Jed Lipinski of the Times-Picayune reports that an internal audit by the New Orleans Police Department has found that officers turned their body-worn cameras on during citizen encounters nearly every time they were required to in 2016. The compliance rate, estimated to be 97-99 percent, marks a substantial improvement from the 80 percent compliance the department measured when it first introduced the body-worn camera program in May 2014, NOPD said (NOLA.com).
Not included in the internal audit was the rate at which body-worn camera footage has been released to the public. The NOPD issued guidelines in February for when and how they would release video recordings for incidents involving use-of-force by an officer. Since then, some have criticized the department for withholding certain recordings from public view (NOLA.com).
To determine how often officers turn on their cameras, the NOPD’s Compliance Bureau examined daily activity reports for every officer who worked on a certain day of the month. If an incident required that video be taken, members of the bureau checked to see if video of the incident existed (NOLA.com).
The bureau used the results to grade officers, districts, platoons and the department as a whole. In a statement, Danny Murphy, deputy chief of the compliance bureau, described the process as a “pinpoint assessment of compliance with the body-worn camera policy” (NOLA.com).
“Most other police departments that use body worn cameras, as far as I know, don’t do this,” he said, adding that the department’s 97-99 percent compliance rate is “above and beyond what we’ve heard of in other departments” (NOLA.com).
NOPD mandates reviews of body-worn camera footage that involves possible use of force, complaints of misconduct, or situations where injuries occur, Murphy said. But supervisors also conduct random checks to gauge how their officers are using the cameras (NOLA.com).
The guidelines issued in February required the NOPD’s Public Integrity Bureau to release footage of critical incidents within 48 hours to the City Attorney’s Office, the U.S. Attorney’s office, and the NOPD’s federal consent decree compliance bureau. Those parties then offer a recommendation to NOPD Superintendent Michael Harrison, who is required to make the final call within nine days of the incident (NOLA.com).
“I want to work quickly to share them with the public, if we know releasing them won’t impact the safety of everyone involved or the outcomes of the investigations,” Harrison said at a press conference (NOLA.com).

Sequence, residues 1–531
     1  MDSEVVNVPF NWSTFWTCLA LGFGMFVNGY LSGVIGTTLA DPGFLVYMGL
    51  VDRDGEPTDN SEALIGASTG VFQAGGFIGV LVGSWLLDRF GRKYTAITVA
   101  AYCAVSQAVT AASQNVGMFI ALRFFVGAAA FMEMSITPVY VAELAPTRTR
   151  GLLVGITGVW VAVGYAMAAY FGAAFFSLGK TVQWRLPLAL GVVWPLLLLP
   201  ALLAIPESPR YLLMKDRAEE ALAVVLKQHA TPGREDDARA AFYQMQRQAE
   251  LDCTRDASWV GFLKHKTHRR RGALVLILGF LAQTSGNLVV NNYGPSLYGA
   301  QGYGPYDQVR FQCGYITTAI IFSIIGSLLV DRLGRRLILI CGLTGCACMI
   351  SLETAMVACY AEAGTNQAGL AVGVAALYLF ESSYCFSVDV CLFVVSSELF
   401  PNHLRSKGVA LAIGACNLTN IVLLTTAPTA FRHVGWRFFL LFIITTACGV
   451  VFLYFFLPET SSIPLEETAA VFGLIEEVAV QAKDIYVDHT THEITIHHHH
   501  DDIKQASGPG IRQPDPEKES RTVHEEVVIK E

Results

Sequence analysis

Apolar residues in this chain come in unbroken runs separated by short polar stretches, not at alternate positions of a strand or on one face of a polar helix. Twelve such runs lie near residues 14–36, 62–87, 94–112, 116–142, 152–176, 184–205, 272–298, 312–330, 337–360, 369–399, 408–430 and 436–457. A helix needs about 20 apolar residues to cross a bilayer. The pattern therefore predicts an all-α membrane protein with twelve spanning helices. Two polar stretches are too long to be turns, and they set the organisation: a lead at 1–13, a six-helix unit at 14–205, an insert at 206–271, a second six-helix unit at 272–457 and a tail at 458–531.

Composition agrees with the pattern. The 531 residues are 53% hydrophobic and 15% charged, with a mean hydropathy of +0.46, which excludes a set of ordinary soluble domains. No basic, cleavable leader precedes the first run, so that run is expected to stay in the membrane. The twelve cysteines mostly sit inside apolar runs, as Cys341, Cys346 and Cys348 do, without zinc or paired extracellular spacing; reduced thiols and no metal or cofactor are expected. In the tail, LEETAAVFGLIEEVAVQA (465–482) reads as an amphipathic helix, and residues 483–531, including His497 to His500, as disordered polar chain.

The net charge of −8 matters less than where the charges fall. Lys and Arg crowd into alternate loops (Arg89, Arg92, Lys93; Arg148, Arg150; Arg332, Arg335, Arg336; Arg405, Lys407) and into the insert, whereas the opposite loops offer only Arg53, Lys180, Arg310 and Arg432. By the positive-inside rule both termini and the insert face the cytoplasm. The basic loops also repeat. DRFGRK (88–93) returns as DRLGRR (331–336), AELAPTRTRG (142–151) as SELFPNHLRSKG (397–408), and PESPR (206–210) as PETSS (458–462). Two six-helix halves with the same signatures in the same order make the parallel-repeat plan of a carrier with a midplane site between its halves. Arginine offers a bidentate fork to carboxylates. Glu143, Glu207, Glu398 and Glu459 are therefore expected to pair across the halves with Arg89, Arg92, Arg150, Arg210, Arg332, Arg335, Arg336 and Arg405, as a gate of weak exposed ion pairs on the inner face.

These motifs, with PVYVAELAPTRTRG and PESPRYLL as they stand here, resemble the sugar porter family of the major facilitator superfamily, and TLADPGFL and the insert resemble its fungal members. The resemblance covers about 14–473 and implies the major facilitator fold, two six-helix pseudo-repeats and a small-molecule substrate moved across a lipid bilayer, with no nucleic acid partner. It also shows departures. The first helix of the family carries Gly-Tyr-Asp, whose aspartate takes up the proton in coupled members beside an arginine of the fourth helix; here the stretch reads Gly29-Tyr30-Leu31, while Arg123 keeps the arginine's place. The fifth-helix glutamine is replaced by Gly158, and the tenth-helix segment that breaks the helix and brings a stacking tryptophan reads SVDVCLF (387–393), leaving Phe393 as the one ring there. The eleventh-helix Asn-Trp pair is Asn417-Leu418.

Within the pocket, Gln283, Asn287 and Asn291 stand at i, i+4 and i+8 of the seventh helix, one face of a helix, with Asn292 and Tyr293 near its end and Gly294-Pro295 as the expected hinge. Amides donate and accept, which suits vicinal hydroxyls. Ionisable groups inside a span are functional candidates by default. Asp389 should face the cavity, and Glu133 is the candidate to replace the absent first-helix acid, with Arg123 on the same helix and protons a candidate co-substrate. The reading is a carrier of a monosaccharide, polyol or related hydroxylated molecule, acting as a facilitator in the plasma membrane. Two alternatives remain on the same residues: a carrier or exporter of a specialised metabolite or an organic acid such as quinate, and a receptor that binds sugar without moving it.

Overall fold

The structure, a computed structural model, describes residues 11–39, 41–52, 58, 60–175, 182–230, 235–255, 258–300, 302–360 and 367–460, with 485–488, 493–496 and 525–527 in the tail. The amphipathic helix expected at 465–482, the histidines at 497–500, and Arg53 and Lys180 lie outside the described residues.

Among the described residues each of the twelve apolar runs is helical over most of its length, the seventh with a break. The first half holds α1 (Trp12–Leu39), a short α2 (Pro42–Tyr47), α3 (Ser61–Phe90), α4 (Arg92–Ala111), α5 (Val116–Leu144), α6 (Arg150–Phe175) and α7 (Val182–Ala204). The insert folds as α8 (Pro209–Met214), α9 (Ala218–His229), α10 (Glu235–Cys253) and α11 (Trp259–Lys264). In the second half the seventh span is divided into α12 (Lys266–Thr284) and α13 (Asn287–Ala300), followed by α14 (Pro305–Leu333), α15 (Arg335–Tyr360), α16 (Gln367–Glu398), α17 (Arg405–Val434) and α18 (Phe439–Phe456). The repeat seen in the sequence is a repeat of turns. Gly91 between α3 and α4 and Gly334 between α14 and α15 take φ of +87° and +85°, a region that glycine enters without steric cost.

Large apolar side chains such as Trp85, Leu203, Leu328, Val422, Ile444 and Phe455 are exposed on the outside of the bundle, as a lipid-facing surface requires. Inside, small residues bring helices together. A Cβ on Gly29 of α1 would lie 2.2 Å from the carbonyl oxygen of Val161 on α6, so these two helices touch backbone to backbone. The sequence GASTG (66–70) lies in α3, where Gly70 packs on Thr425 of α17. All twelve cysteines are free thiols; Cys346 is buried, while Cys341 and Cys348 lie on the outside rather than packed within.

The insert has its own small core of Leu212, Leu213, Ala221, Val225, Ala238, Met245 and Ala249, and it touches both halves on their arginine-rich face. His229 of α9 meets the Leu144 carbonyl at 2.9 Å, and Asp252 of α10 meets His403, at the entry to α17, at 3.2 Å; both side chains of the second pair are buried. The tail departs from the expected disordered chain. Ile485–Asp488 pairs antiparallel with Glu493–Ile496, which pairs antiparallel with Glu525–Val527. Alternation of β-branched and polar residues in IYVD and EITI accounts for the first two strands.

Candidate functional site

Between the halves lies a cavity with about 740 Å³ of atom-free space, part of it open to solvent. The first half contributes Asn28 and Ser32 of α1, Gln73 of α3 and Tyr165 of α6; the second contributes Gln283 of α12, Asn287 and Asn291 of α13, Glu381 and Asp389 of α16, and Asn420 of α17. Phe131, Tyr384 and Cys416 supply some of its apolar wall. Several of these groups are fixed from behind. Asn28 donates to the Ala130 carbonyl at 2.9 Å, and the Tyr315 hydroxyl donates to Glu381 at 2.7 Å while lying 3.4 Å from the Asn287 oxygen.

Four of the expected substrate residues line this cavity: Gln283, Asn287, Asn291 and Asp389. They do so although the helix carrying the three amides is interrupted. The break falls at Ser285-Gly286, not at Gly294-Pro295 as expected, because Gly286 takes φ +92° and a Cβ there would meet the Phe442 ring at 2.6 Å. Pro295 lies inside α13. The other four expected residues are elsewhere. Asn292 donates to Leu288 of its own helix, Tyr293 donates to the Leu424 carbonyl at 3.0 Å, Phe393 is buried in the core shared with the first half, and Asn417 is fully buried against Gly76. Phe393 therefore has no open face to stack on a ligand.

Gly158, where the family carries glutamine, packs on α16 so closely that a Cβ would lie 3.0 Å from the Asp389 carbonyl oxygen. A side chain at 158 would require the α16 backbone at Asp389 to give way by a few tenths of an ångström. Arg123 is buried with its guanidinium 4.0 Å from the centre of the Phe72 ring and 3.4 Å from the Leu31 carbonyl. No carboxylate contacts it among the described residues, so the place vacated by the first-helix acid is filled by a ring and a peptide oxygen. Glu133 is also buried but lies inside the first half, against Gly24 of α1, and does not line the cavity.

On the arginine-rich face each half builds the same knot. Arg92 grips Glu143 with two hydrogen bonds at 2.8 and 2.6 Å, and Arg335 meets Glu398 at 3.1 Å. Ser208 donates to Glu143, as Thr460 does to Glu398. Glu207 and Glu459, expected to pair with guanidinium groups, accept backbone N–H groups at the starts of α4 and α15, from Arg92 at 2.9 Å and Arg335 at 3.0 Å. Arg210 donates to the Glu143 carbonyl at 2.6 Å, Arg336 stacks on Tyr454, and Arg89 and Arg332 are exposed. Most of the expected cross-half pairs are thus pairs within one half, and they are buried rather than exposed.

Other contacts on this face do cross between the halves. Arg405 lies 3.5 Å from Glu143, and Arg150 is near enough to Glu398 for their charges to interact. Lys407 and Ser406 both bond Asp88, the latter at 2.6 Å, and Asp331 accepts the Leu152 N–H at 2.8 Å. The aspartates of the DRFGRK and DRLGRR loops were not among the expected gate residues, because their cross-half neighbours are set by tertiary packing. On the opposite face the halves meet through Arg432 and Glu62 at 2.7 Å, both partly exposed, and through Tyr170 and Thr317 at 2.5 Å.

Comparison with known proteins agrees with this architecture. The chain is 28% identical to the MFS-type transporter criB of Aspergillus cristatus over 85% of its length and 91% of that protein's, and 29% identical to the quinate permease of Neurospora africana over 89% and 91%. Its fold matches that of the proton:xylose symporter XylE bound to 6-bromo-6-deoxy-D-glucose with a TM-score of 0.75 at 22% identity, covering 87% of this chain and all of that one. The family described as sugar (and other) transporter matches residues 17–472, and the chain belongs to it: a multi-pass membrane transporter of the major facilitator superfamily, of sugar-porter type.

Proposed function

But Marjorie Esman, head of the American Civil Liberties Union of Louisiana, argued that the guidelines gave NOPD too much license to withhold potentially incriminating footage. “At the end of the day, it’s ultimately at the sole discretion of the chief,” Esman said (NOLA.com).
On March 31, a month after the guidelines were published, NOPD released body-worn camera footage of officers fatally shooting two people in 2015. The previously unreleased recordings captured the Jan. 7, 2015, fatal shooting of Omarr Jackson in Central City and the April 28 killing of Jared Johnson in New Orleans East (NOLA.com).
Harrison said an internal NOPD investigation concluded that both shootings were justified, and prosecutors decided not to pursue criminal charges against the officers involved (NOLA.com).
In June, NOPD released a dashboard camera video of an Aug. 21 gun battle in the 7th Ward between a suspect and two NOPD officers that ended in the suspect’s death from a self-inflicted gunshot. Harrison said he showed the victim’s family members the video before making it public (NOLA.com).
Harrison said footage from a dashboard camera confirmed that Calvin McKinnis, 33, fired the first shot during a traffic stop, and that body cameras captured the sound of a single gunshot (NOLA.com).
But family members disputed that account, claiming McKinnis, a father of three young children, did not own a gun. They said police never showed them footage from Carter’s body camera or the dashboard camera in the officer’s squad car (NOLA.com).
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